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Marina Ovsyannikova: The Russian journalist who condemned Putin’s war live on TV

The reporter — who, in March 2022, pulled out a sign during a broadcast on Russian state television to protest the invasion of Ukraine — now lives in Paris. In a new book, she shares her story

Marina Ovsyannikova periodista rusa
Luis Grañena

On March 14, 2022, at 9:30 p.m., Russian journalist Marina Ovsyannikova stepped into the most-watched newscast in the country, holding up a poster with a message against the war in Ukraine. The interruption lasted barely six second, but it was enough to turn her life upside down.

A few minutes later, the deputy news director approached her. “Was that you?” he asked. Her professional career at the state-owned Channel 1 ended at that very moment. But Ovsyannikova — who was born in Odessa, in 1978 — didn’t regret her actions in the least. After 20 years working at what she now calls a “propaganda machine,” she instantly became a symbol of resistance against the official narrative of Russian President Vladimir Putin.

Ovsyannikova’s gesture — which took place less than a month after Russia began its invasion of Ukraine — swept around the world, earning her a wave of support. In a speech, Ukrainian President Volodymyr Zelenskiy thanked the “girl who entered the studio of Channel 1.” French President Emmanuel Macron was quick to offer her protection. The journalist — born to a Russian mother and a Ukrainian father — initially rejected the offer. But this past February, she appeared by surprise in Paris, where she is now waiting for her asylum claim to be processed. She fled Russia in the middle of the night with her daughter, changing cars seven times, before eventually crossing the border on foot.

Following the act of protest, her mother — a fervent supporter of Putin, who raised Marina on her own after her father’s death — branded her daughter as a traitor. Meanwhile, her 18-year-old son refuses to speak to her. “I sacrificed everything to tell the truth,” Ovsyannikova tells EL PAÍS in English. Her 12-year-old daughter now lives with her in Paris.

The journalist joined Channel 1 in 2003, when she was barely 25-years-old. She had just arrived in Moscow and was ready to start from scratch, like many young reporters who come from the provinces. At that time, “the Russian information space was still relatively free and open,” says Lukas Aubin, an expert on Russia at the French Institute for International and Strategic Affairs.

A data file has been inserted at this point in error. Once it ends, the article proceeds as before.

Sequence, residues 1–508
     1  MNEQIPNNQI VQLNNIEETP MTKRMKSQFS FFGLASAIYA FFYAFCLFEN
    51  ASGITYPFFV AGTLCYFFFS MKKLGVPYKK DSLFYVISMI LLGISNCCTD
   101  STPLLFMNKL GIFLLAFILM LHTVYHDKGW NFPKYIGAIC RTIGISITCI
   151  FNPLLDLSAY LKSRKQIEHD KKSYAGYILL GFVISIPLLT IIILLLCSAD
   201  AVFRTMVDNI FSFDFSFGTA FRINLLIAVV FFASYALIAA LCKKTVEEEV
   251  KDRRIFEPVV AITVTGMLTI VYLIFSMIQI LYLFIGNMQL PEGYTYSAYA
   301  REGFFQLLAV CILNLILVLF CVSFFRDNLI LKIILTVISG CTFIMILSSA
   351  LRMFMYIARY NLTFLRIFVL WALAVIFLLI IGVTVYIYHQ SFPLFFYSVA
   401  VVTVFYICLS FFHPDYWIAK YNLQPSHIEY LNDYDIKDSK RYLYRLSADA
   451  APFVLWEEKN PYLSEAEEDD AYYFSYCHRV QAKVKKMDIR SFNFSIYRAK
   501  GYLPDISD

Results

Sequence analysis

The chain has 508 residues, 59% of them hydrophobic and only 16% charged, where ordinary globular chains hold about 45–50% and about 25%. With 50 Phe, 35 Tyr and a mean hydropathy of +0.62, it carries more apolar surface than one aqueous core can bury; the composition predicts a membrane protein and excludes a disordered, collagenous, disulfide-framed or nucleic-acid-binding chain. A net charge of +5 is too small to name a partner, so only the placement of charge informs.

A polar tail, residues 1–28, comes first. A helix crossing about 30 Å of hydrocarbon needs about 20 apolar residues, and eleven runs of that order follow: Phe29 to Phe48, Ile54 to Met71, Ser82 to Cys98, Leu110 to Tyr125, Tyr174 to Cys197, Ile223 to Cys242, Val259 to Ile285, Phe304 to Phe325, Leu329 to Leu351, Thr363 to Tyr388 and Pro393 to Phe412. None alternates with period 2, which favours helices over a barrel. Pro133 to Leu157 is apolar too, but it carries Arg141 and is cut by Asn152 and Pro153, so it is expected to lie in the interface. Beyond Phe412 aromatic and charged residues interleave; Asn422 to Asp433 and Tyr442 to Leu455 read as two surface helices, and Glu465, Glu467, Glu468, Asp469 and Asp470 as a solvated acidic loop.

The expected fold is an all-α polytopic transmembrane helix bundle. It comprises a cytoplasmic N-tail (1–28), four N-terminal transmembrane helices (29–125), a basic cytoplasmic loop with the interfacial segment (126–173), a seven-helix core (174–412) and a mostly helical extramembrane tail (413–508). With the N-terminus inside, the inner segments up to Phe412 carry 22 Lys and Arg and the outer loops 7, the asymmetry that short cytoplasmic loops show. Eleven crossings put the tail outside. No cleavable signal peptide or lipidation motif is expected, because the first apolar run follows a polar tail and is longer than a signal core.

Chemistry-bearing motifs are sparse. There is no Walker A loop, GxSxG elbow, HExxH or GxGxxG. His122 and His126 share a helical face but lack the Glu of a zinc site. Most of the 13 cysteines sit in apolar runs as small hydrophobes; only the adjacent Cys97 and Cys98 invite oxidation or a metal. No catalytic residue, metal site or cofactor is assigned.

Ovsyannikova had gained experience at Krasnodar’s regional television channel, in southern Russia, while completing her journalism studies at Kuban State University. Little by little, she worked her way up the ranks to serve as deputy editor-in-chief of the news and get her own show.

It was the “golden age” of Russian journalism, she recalls in her recently-published book, Between Good and Evil: How I Finally Opposed the Kremlin Propaganda. The situation, however, began to change gradually. In the interviews she has given, the journalist often refers to the 2008 invasion of Georgia as a turning point in the control exercised by the Kremlin over the media. At that moment, Ovsyannikova decided to ignore what she later decided to denounce.

In Moscow, she enjoyed comfortable working hours, which allowed her to travel to other countries, be with her children and her two golden retrievers, and continue swimming — her favorite sport since she was a child. It was also at the state-owned channel where she met her now ex-husband — the father of her children — who is currently employed by Russia Today. Her life was that of a middle-class woman. That is, until the war in Ukraine shook things up.

As editor of the international section, she saw what the global media was reporting about the conflict in Ukraine. She later decided to broadcast this on her own channel. “It was a parallel reality,” she declared. She could no longer see the images of burning buildings and fleeing refugees as mere abstractions. Christine Proske — her literary agent — describes Ovsyannikova as someone who has a “great sense of justice.”

The war in Ukraine reminded her of her childhood in Grozny, the Chechen capital, from where she fled just before the war broke out in 1994. Ovsyannikova refers to that period as a difficult time. At the end of the 1980s, she witnessed how daily life in the city changed. Armed militias appeared in the streets — outside her school, someone posted a message urging the Russians to return to Moscow.

On a crowded train, she arrived with her mother — a chemical engineer — in the Krasnodar region. Years later, while working in regional television, she would see the building where she had lived as a little girl. It was in ruins; her old neighbors survived in the rubble, she recounts in her memoir.

Partly for this reason, when the conflict broke out in Ukraine, she decided to act, without much thought. “She is someone who makes quick decisions… the opposite of someone who procrastinates,” Christophe Deloire notes. He is the secretary general of Reporters Without Borders, the organization that helped Ovsyannikova leave Russia. In the preface to the French edition of the book, he writes: “Ovsyannikova embodies the possibility of getting rid of a propaganda apparatus, of deserting it and resisting it.”

When breaking into the live news broadcast, the editor shouted: “Stop the war.” In her autobiography, she claims that she did not even recognize the sound of her own voice. When she walked out of the studio, her legs were shaking. The poster — which she had prepared the day before in her kitchen — had one sentence in English and three in Russian: “No to the war. Stop the war. Don’t believe the hype. They are lying to you.” To enter the building, she hid the banner in the sleeve of her white coat.

Marina Ovsyannikova protests live on Russian TV on Monday.

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